“Labor organizations are the backbone of our middle class, and I sponsored this legislation to ensure that we honor our commitment to the hardworking men and women who make up our local labor unions,” said State Senator Dale Fowler (R-Harrisburg). “I’m proud to be a vocal advocate for Illinois workers, and am excited that the Governor is signing legislation to guarantee future well-paying jobs stay in Southern Illinois.”

“We once again applaud a bipartisan group of legislators and Gov. Pritzker for underscoring their commitment to economic development and well-paying jobs in southern Illinois, driven by the power of working men and women in organized labor,” said Tim Drea, President of the Illinois AFL-CIO representing nearly 900,000 workers across the state. “These new requirements in the law will ensure exciting casino developments will hire the skilled, well-trained labor force living right here in Illinois to move our economy and our state forward.”

Required contents of project labor agreements include:

• Goals for apprenticeship hours to be performed by underrepresented minorities and women.
• Procedures for resolving jurisdiction labor disputes and grievances.
• Ensuring a reliable source of skilled and experienced labor.
• Guarantees against strikes and lockouts.
• Allowing the selection of the lowest qualified responsible bidder, without regard to union or non-union status at other construction sites.
• Binding all contractors and subcontractors on the project through appropriate bid specifications in all relevant bid documents.

Renewed casino license applications are required to cover wages, benefits and other compensation in the project labor agreement.

Any pending new casino application before the Illinois Gaming Board must provide evidence of the project labor agreement within 30 days after the effective date.

SB 136o is effective immediately.

Program Notices & Reminders – Expanded Information

Small Business Tax Credit Programs
Did you know that the American Rescue Plan extends a number of critical tax benefits, particularly the Employee Retention Credit and Paid Leave Credit, to small businesses?
Learn more
Small Disadvantaged Business Contracting Goal News
On June 1, 2021, the centennial of the Tulsa Race Massacre, the Biden-Harris Administration announced new steps to help narrow the racial wealth gap and reinvest in communities that have been left behind by failed policies. Specifically, the Administration is expanding access to two key wealth-creators – small business ownership and homeownership – in communities of color and disadvantaged communities.

  • Use the federal government’s purchasing power to grow federal contracting with small disadvantaged businesses by 50 percent, translating to an additional $100 billion over five years, and helping more Americans realize their entrepreneurial dreams.
  • Take action to address racial discrimination in the housing market, including by launching a first-of-its-kind interagency effort to address inequity in home appraisals, and conducting rulemaking to aggressively combat housing discrimination.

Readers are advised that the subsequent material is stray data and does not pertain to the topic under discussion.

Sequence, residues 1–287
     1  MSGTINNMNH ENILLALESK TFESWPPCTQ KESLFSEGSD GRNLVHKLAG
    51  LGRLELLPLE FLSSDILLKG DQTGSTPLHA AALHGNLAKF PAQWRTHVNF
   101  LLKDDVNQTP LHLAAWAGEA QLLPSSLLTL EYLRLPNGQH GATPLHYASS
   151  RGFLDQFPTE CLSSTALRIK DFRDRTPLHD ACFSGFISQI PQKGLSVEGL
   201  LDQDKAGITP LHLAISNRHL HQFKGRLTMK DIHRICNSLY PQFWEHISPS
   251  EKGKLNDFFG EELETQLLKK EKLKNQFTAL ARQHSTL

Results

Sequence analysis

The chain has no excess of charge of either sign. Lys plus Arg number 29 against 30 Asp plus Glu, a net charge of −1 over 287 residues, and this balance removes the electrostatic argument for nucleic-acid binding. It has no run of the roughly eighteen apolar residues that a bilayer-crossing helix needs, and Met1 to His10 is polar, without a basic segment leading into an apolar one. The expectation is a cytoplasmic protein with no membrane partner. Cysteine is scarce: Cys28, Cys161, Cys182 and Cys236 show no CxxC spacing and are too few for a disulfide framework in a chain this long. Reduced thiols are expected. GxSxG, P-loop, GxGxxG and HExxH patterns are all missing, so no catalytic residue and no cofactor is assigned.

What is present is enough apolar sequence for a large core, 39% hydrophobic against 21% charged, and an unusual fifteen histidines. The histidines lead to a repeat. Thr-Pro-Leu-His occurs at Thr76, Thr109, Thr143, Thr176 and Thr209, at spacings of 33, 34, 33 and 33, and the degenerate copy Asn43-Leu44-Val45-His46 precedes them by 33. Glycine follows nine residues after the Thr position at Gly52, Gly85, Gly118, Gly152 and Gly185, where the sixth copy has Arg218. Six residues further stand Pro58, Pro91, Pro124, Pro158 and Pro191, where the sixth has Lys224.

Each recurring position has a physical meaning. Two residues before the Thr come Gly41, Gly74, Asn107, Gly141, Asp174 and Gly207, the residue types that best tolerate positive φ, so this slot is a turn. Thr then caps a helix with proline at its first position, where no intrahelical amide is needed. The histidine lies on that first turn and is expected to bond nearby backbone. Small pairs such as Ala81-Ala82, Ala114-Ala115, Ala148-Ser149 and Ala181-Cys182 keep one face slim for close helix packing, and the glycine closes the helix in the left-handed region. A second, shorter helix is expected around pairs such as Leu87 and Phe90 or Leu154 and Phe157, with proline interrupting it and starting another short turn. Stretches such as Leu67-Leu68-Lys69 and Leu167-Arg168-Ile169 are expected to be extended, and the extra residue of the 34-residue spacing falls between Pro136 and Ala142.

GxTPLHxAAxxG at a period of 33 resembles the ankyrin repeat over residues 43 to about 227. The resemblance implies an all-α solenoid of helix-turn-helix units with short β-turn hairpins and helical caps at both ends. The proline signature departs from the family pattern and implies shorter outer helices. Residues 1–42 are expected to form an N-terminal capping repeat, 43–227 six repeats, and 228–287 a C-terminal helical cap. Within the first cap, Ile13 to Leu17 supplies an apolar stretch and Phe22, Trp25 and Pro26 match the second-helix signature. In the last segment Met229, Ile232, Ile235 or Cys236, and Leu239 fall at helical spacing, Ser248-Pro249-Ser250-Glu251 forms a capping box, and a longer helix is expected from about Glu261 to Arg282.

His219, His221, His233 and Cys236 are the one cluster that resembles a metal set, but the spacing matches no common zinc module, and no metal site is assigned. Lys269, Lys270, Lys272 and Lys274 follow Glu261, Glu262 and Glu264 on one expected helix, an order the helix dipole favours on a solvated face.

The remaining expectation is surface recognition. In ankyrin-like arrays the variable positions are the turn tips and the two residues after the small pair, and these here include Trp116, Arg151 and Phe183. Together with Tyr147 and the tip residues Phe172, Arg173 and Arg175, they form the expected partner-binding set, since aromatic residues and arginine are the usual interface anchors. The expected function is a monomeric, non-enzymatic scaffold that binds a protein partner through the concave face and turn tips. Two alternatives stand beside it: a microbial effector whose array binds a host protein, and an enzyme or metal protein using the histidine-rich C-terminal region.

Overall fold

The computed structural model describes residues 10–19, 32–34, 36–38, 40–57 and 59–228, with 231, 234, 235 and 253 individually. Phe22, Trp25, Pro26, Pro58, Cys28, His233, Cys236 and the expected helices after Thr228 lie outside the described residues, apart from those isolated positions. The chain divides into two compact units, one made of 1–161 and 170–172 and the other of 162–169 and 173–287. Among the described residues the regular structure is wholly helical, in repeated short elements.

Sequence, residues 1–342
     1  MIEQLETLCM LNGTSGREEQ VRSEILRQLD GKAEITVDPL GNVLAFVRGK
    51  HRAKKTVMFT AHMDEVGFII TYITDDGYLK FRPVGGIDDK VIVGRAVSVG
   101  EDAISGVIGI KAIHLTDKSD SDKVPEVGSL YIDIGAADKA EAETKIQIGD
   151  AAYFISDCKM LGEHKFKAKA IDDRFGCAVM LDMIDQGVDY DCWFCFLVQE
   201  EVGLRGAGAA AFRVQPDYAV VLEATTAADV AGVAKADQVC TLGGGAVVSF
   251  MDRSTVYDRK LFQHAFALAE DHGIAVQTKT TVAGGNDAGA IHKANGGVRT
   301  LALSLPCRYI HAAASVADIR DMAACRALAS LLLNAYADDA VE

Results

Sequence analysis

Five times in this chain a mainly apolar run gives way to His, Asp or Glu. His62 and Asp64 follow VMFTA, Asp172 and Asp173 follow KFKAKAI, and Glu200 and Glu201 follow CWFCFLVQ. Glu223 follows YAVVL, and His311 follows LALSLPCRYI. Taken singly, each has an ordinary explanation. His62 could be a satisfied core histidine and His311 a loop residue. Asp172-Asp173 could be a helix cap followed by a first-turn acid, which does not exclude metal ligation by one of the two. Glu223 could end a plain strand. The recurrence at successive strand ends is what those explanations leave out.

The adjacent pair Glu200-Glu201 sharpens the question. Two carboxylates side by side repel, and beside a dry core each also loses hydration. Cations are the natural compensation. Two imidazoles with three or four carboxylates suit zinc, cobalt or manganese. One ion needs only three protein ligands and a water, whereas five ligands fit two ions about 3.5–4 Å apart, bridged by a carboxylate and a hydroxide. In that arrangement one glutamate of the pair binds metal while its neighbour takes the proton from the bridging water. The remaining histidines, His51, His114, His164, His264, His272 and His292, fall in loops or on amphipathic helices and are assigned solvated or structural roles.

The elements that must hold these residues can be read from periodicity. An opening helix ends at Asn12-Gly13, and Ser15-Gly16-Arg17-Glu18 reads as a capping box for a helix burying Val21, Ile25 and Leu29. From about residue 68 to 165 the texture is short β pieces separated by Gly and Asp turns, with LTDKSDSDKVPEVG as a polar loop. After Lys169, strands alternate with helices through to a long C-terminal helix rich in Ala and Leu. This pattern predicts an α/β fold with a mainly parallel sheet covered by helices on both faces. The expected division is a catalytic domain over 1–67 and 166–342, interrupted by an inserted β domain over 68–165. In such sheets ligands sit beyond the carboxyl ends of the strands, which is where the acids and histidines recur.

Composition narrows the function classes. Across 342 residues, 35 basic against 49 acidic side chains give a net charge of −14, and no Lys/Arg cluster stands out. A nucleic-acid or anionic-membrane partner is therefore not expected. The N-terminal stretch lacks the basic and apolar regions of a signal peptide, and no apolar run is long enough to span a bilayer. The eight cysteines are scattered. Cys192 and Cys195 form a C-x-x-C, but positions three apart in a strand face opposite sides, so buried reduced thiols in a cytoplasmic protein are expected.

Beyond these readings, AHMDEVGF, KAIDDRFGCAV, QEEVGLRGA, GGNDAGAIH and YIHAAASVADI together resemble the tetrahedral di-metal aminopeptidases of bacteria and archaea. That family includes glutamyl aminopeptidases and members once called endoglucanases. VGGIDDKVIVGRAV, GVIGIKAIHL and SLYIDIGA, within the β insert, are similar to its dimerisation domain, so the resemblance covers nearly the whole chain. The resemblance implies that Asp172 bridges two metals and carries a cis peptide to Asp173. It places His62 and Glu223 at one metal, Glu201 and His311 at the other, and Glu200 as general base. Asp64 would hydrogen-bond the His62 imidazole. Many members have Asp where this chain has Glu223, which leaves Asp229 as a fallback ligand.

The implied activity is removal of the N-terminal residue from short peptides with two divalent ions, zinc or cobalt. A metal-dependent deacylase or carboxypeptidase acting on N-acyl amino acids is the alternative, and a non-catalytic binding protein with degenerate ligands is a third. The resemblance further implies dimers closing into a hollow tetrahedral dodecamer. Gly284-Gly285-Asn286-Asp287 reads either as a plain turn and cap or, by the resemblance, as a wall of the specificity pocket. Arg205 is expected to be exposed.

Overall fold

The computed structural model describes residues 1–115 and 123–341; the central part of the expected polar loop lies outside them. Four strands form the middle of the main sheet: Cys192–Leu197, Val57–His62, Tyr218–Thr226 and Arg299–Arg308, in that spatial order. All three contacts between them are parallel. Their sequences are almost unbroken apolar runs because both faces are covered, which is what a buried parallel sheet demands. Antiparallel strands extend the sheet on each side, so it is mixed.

Learn more

Federal Contracting Webinar Series
Do you need help with federal contracting? The ChallengeHER webinar series offers education and training on the federal contracting system. Below is a list of upcoming webinars.

  • Government Contract Reporting – What You Don’t Know Can Hurt You!
    June 24 | 2:00 p.m. ET
  • Tips for GSA Schedule Compliance and Success
    July 22 | 2:00 p.m. ET

8(a) Orientation Workshop/SAM Registration
This webinar will provide an overview of the 8(a) Business Development program, eligibility requirements, program benefits and training, steps to registering in the System for Award Management (SAM) database in order to do business with the federal government. Wednesday, June 16, 9:30 a.m. 

CDC Mask Guidance
The CDC still recommends that unvaccinated people continue to take preventive measures, such as wearing a mask and practicing social distancing. In their latest guidance, the CDC now reports that indoor and outdoor activities pose minimal risk to fully vaccinated people and that fully vaccinated people have a reduced risk of transmitting SARS-CoV-2 to unvaccinated people.

Fully vaccinated people can:
• Resume activities without wearing masks or physically distancing, except where required by federal, state, local, tribal, or territorial laws, rules and regulations, including local business and workplace guidance
• Resume domestic travel and refrain from testing before or after travel or self-quarantine after travel
• Refrain from testing before leaving the United States for international travel (unless required by the destination) and refrain from self-quarantine after arriving back in the United States
• Refrain from testing following a known exposure, if asymptomatic, with some exceptions for specific settings
• Refrain from quarantine following a known exposure if asymptomatic
• Refrain from routine screening testing if feasible

For now, fully vaccinated people should continue to:
• Get tested if experiencing COVID-19 symptoms
• Follow CDC and health department travel requirements and recommendations

Governor Pritzker Mask Changes:

Finally, join us in June for our re-scheduled luncheon with Police Chief Dawn Malec and Fire Chief Greg Blaskey on Wednesday, June 16 at Harrah’s Joliet Casino & Hotel. You may make reservations here:

Stay well,

Joliet Region Chamber of Commerce & Industry Staff and Board of Directors

Mike Paone
Vice President – Government Affairs
Joliet Region Chamber of Commerce & Industry
815.727.5371 main
815.727.5373 direct